Can Country Music Quit the Rebel Flag?

James Joiner
Its biggest stars have voiced support for the Confederate flag in their lyrics. But now that even big-box retailers see the flag’s inherent racism, what will happen next?
The fight is on to remove the Confederate Battle Flag from our collective existence, eradicating it in the wake of the racially motivated Charleston shootings as a symbol of hatred and intolerance. Bit by bit, it’s a fight that is at last succeeding. More and more state governments and consumer outlets are acknowledging the flag’s reprehensible symbolism and removing it.

Yet there’s one arena in our nation’s cultural pantheon no one is talking much about, one that holds the rebel flag near and dear—country music.

The all-American soundtrack to driving pickup trucks, grilling meat, drinking beer, working hard, and exalting all things cowboy has a long and proud history of singing the praises of the Confederate flag, which they take as symbolic of their Southern fried heritage.

Which it is. But that doesn’t make it a symbol of the South’s good things.

Sure, there are those who argue that the flag is a symbol of “heritage not hate.” Award winning, multi-platinum country star and actor Trace Adkins employed this method when called out for wearing an earpiece with the Confederate design at a New York Christmas concert a couple of years ago. He issued a statement on his website, which has since been taken down, after coming under fire for his poor wardrobe decision.

“To me, the battle flag represents remembrance of my Southern lineage… I advocate for the preservation of America’s battlefields and honest conversation about our country’s history. To those who view the flag as a symbol of racism, that was not my message and I did not intend offense,” he wrote.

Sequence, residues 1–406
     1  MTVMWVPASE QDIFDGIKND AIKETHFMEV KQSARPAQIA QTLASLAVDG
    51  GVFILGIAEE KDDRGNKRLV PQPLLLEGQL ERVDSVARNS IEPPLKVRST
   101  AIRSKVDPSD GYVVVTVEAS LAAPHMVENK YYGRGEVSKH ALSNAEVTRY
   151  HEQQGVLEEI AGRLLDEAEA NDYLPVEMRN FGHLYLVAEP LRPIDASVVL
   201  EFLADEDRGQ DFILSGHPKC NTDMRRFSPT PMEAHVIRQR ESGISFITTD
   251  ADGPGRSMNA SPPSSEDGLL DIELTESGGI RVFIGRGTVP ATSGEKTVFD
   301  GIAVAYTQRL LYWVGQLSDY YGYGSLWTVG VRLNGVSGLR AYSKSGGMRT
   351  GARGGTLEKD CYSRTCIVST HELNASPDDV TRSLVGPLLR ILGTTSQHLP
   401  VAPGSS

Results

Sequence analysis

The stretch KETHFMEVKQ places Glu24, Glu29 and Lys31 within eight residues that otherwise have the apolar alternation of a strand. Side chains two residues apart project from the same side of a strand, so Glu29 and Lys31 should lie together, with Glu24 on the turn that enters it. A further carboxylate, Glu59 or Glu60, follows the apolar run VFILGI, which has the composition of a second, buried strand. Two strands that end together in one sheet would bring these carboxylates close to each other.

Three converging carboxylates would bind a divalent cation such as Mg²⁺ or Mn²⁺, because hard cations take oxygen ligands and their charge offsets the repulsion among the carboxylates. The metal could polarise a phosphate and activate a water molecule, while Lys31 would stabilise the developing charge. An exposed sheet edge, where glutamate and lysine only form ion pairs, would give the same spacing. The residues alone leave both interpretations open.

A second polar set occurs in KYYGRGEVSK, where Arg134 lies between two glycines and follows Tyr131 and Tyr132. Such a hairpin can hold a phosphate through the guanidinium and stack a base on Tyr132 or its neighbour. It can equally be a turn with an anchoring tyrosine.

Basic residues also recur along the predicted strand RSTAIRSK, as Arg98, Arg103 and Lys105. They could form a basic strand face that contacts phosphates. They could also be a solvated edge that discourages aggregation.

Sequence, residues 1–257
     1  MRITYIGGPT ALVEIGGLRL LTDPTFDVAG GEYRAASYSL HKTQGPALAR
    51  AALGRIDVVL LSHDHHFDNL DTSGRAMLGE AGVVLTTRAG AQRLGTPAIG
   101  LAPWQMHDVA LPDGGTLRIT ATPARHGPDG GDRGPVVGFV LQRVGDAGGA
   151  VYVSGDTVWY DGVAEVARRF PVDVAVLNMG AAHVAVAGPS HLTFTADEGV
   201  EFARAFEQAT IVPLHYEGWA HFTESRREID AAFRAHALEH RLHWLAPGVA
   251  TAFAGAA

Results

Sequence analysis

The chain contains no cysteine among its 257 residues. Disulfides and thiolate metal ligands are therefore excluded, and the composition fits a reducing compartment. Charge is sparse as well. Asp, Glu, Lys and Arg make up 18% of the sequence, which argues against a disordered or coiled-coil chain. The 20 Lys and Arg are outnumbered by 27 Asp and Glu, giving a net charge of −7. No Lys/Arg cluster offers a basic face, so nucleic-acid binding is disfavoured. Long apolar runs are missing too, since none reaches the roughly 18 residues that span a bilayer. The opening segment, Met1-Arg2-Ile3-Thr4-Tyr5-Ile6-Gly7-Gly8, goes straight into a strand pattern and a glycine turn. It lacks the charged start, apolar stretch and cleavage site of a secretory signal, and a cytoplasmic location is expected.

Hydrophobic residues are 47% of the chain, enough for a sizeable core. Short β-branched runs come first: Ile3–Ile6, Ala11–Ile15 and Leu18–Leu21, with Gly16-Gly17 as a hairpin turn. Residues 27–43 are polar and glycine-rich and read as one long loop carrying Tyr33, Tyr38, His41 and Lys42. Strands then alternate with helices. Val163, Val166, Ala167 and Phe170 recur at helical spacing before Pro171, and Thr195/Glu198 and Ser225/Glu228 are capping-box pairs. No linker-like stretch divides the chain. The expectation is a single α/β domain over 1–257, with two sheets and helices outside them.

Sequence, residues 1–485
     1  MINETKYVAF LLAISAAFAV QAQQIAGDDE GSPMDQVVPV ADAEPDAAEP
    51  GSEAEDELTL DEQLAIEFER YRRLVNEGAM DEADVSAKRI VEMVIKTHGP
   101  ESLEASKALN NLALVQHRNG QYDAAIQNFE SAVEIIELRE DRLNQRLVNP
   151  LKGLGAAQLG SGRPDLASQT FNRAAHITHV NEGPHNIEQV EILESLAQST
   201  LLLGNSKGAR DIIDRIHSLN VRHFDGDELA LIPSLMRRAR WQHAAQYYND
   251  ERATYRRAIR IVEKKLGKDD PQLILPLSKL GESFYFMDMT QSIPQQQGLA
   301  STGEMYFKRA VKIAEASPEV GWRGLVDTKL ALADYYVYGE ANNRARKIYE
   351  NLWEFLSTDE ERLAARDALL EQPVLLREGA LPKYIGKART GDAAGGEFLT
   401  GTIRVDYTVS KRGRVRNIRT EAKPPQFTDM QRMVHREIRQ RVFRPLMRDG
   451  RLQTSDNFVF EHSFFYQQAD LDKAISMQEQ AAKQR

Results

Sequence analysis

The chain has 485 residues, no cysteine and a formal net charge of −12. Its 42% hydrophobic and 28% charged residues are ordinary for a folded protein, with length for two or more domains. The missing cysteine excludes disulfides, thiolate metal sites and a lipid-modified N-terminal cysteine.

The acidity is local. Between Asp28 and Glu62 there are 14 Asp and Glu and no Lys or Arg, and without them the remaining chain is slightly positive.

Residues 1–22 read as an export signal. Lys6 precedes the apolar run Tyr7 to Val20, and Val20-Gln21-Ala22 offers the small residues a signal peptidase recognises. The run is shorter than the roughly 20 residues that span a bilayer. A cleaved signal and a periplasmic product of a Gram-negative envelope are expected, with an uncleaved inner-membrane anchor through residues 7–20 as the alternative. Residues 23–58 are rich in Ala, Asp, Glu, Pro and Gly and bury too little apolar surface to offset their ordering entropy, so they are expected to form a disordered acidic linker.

Adkins self-identifies as a Civil War buff, claiming in his book A Personal Stand to be a “lifelong member of the Sons of Confederate Veterans,” and “deeply proud to be a descendent of the Confederacy.” He also prefers “War Against Northern Aggression” to “Civil War.”

Let’s assume, of course, that Adkins does not actually think African Americans belong in bondage and aren’t worthy of equal rights. But he does “advocate (for) honest conversation about our country’s history,” right?

So let’s take an honest look at what it ultimately means when someone considers the term “Confederate” to be interchangeable with “Southern heritage.”

Trace Adkins self-identifies as a Civil War buff, claiming in his book A Personal Stand to be a “lifelong member of the Sons of Confederate Veterans,” and “deeply proud to be a descendent of the Confederacy.”

Confederacy Vice President Alexander Stephens explained this eloquently on March 21, 1861, when he gave his Cornerstone Address, in which he discussed the key differences between the newly formed Confederacy’s constitution and the United States’ own.

“Our new government is founded upon exactly the opposite idea; its foundations are laid, its corner-stone rests, upon the great truth that the negro is not equal to the white man; that slavery subordination to the superior race is his natural and normal condition.”

That’s pretty definitive. No matter how much an apologist might hide behind the guise of “pride,” what he or she is proud of is a legacy of constitutional hatred and oppression.

Another excuse for the continued waving of the Confederate flag is to honor Southern rock bands, like when rapper-cum-country artist Kid Rock accepted a controversial award from the NAACP in 2011. As protestors picketed outside for his use of the flag in concerts and videos, Rock explained that he flew the rebel flag in deference to his love for Lynyrd Skynyrd, never because of any hatred.

Yet even Skynyrd no longer want to be tied to this sickening symbol, denouncing the flag during an interview with CNN.

“Through the years, people like the KKK and skinheads kinda kidnapped the Dixie or Southern flag from its tradition and the heritage of the soldiers. That’s what it was about,” Gary Rossington, Skynyrd’s last surviving original member, said. “We didn’t want that to go to our fans or show—the image [that] we agreed with any of the race stuff or any of the bad things.”

Kid Rock has worked alongside black artists, and raised money for black causes. But it’s hard to forget he also has lyrics like these, from his song ‘Black Chick White Guy:”